Securing Indonesia’s food safety: Government tightens rules for heavy metal contamination in processed foods

By Pearly Neo contact

- Last updated on GMT

The Indonesian government has announced new, more rigorous regulations to control heavy metal contamination in processed foods within the local food supply. ©Getty Images
The Indonesian government has announced new, more rigorous regulations to control heavy metal contamination in processed foods within the local food supply. ©Getty Images

Related tags: Indonesia, Food safety, heavy metals

The Indonesian government has announced new, more rigorous regulations to control heavy metal contamination in processed foods within the local food supply, in response to rising consumer concerns.

Heavy metal contamination in foods and beverages is not generally visible without professional analysis or testing in the laboratory, and this is especially so for processed items.

Indonesia has been seeing increasing industrial activity such as reservoir development over the past few years, resulting in rising concerns of heavy metal leaching into waterways and the general environment.

With concerns surfacing amongst consumers on social media, the government has been seeking to quell these fears via several methods such as the publishing of a 2021 study by the Center for Applied Nuclear Science and Technology vouching for the safety of staple foods in Jakarta based on Neutron Activation Analysis (NAA) method and a health risk index.

Another recent move was recently made by the National Agency of Drug and Food Control (Badan Pengawas Obat dan Makanan, BPOM), which issued a notice to adjust the limits of heavy metals allowed in processed foods to be enforced over 12 months.

“In order to protect the community from contamination in the food supply and to increase the competitiveness of Indonesian processed food products, heavy metals are a key area of governance focus,”​ BPOM Head Penny Lukito said via a formal statement.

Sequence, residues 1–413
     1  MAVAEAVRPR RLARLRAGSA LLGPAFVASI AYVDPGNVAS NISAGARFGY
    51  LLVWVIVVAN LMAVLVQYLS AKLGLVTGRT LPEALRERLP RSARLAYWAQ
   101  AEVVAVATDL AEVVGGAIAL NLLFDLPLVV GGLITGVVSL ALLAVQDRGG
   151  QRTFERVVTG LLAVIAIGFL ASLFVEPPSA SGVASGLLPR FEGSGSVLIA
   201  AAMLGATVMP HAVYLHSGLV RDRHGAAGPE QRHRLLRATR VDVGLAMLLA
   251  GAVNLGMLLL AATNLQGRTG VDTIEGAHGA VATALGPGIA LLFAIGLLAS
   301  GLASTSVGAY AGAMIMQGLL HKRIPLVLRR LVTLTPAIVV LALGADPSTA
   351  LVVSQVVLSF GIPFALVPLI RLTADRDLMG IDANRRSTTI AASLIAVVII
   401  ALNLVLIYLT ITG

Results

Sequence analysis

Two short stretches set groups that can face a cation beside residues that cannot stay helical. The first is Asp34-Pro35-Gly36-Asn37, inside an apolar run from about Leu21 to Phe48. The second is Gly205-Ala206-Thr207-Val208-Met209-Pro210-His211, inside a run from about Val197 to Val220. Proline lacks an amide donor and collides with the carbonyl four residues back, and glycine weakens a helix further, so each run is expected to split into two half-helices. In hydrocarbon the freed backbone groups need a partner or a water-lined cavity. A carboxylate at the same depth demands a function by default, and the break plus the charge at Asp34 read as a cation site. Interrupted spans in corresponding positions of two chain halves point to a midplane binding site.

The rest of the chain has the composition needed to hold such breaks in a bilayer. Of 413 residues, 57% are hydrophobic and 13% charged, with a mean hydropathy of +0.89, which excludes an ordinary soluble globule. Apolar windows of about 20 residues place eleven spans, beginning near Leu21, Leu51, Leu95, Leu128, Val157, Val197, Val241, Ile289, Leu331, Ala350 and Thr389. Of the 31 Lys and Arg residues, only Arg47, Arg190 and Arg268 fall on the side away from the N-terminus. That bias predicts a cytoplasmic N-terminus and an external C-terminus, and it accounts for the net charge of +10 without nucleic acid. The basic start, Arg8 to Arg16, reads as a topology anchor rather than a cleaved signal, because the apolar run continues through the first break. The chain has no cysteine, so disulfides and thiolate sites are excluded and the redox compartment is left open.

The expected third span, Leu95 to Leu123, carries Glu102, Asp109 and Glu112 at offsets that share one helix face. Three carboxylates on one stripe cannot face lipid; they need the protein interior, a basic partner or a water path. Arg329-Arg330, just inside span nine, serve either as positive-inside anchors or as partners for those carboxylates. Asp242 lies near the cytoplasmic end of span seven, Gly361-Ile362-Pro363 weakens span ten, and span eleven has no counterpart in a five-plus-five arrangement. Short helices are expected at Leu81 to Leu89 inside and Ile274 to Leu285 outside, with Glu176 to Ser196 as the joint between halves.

“BPOM has thus decided to update the heavy metal contamination limits in the Regulation on Requirements for Heavy Metal Contaminants in Processed Food, which will replace the previous regulations that were last amended in 2018.

“Major heavy metals that will be monitored included arsenic, plumbum, cadmium, mercury and tin.”

Multiple processed food product categories including dairy, frozen foods, spreads, confectionary, cereals, bakery goods, edible oils, bottled water, non-alcoholic drinks, alcohol, coffee, tea, snacks and more all have new set heavy metal limits which manufacturers will need to transition to over the next year in order to avoid being hit with penalties.

“All persons and corporations that deal with the production, storage, transportation and/or distribution of processed foods are responsible to meet the criteria and standards of heavy metal limits in the items [within their purview],”​ added Lukito.

“Both organised and unorganised corporations that handle processed foods will have to comply to this, [and failure] to do so will result in according fines.”

Imported products also subject to testing

These new contamination standards apply not only to locally manufactured products, but also imported ones, which will be subject to the relevant analysis by either local or foreign accredited laboratories.

“All imported processed food products will need to have been tested via validated or verified methods of analysis, and this must be done by suitable accredited laboratories in accordance with the law,”​ said Lukito.

“If the analysis has been done in a lab at the product’s country of origin, the results must be mutually recognised by the authorised institution and/or accredited laboratories in Indonesia.

“Enforcement of these standards will begin in 2023. All product manufacturers will need to make the transition to meet these before enforcement and monitoring is implemented [in the second quarter].”

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